Venture Capital

UK government becomes shareholder in toilet maker

Read more at www.ft.com

The government has become a shareholder in a toilet maker, a broadband provider and a company that helps make reusable cups as part of the Treasury’s foray into the venture capital market through one of its coronavirus support schemes.

Last weekend the government closed business applications to the Future Fund, the state scheme devised by chancellor Rishi Sunak that has provided convertible loans worth more than £1bn on a combined basis to more than 1,000 British start-ups.

These loans automatically turn into minority equity stakes for the Future Fund in the companies at their next funding rounds, unless investors request to be repaid.

According to Companies House filings, the Future Fund is now a shareholder in at least two start-ups that have already converted loans into equity stakes: Propelair, a next-generation toilet maker, and Bockatech, a reusable packaging company.

A third company, Cornish broadband provider Wildanet, has also seen a £200,000 Future Fund loan convert into a government equity stake after a recent fundraising.

“We thought Rishi Sunak could turn up for a board meeting,” said Ian Calvert, chief executive of Wildanet. “The Future Fund was a very useful tool as it allowed us to keep on track.”

More government stakes in start-ups secured through the Future Fund are set to be disclosed in the coming weeks as companies report their results, according to people familiar with the situation.

Many start-ups invest heavily initially in order to grow quickly, pushing the businesses to a loss, which made them ineligible for the government’s other Covid-19 loan schemes for companies.

Mr Sunak launched the Future Fund in May last year to fill that gap and help some of the UK’s most promising businesses, saying that “start-ups who have strived to be the very best” would benefit.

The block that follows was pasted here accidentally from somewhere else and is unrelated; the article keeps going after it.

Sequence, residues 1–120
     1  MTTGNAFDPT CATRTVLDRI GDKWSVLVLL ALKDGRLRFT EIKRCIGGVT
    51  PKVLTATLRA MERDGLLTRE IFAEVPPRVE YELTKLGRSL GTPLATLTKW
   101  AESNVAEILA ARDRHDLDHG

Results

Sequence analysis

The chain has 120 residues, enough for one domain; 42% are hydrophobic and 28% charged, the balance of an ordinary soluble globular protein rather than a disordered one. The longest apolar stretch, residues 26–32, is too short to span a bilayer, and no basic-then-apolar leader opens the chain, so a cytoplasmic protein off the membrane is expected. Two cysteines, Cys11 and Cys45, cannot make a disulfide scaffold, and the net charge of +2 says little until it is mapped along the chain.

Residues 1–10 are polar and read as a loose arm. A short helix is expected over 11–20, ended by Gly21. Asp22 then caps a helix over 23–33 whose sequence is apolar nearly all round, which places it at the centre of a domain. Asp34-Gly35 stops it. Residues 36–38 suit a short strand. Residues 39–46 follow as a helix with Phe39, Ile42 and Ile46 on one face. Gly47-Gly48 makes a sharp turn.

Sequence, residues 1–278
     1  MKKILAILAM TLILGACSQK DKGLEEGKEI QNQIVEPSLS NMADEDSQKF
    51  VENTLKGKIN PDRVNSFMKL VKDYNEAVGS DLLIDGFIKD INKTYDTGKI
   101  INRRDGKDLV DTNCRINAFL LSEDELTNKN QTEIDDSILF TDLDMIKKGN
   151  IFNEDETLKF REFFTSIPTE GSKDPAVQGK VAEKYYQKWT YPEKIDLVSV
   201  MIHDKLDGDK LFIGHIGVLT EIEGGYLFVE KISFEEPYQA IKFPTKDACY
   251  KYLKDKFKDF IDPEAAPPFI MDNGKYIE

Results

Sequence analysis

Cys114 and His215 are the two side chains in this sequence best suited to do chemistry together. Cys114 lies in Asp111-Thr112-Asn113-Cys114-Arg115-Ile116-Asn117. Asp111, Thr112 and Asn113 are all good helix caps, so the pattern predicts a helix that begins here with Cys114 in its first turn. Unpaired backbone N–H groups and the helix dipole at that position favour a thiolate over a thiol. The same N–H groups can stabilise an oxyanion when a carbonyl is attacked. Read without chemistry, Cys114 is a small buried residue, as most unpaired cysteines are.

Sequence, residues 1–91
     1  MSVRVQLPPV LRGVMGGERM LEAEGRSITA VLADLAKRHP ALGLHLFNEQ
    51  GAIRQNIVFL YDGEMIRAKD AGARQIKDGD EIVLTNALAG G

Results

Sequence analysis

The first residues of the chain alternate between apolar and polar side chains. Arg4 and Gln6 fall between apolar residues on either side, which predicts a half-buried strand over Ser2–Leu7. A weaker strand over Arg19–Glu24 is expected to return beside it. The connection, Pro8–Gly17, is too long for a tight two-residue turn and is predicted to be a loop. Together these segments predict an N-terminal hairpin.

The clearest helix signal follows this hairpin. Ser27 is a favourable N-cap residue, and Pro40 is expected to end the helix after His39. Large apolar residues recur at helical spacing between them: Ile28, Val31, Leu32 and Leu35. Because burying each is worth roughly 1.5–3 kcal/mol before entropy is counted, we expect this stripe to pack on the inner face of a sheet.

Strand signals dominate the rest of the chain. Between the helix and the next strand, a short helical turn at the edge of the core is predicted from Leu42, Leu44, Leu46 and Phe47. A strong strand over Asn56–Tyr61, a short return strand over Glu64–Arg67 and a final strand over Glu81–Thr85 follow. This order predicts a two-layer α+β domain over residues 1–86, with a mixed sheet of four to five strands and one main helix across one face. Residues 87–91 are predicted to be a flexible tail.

The Treasury said the operation of the Future Fund was the responsibility of the state-owned British Business Bank and Mr Sunak had no say in which companies might end up part-owned by the government.

Venture capital funding is risky, with many businesses failing before they reach a profitable stage, although some stakes managed by the British Business Bank could prove highly lucrative for the government if they are sold at a profit compared to the original investments.

Venture capitalists said that the market had attracted a wave of cash in recent months as investors chase companies offering growth prospects, pushing up valuations as a result.

The British Business Bank said it would “continue to work with government to develop a long-term strategy to effectively manage the equity portfolio”.

The Future Fund was the only state-backed loan scheme not extended last year by Mr Sunak into the spring.

Under the Future Fund, the government provided loans of between £125,000 and £5m to companies, which needed to be matched by private investors.

The scheme has attracted media attention for providing loans to a diverse range of companies, including “sex-tech” business Killing Kittens.

Phoenix Product Development Limited, which trades as Propelair, has developed a toilet that saves water and improves hygiene by using a high-speed jet of air to leave the pan cleaner compared to other products.

David Hollander, chief executive of Basildon-based Propelair, said: “The Future Fund loan, which we converted following a very successful raise last August, has been a lifeline. It is very unlikely that we would have had the time to raise the new funds without the Future Fund.”

Bockatech, based in Huntingdon in Cambridgeshire, has developed reusable plastic moulding for packaging used in various industries, including food, retail and healthcare.

Chris Bocking, co-founder of Bockatech, said: “When we started five years ago, it was unthinkable that the UK government would have shares in a growth greentech.

“The combination of climate change and Covid-19 are unprecedented circumstances, and it’s great to see that the government is willing to act.”

Beauhurst, a data provider for high-growth companies, estimates that 25 businesses have so far converted Future Fund debt into equity based on an analysis of fund raisings.

Seedrs and Crowdcube, the crowdfunding platforms, were among the top 20 match-funders when the government provided loans to companies through the Future Fund, according to Beauhurst.

Companies securing crowdfunding often face less scrutiny than investments by traditional venture capitalists, it said.

Additional reporting by George Parker in London

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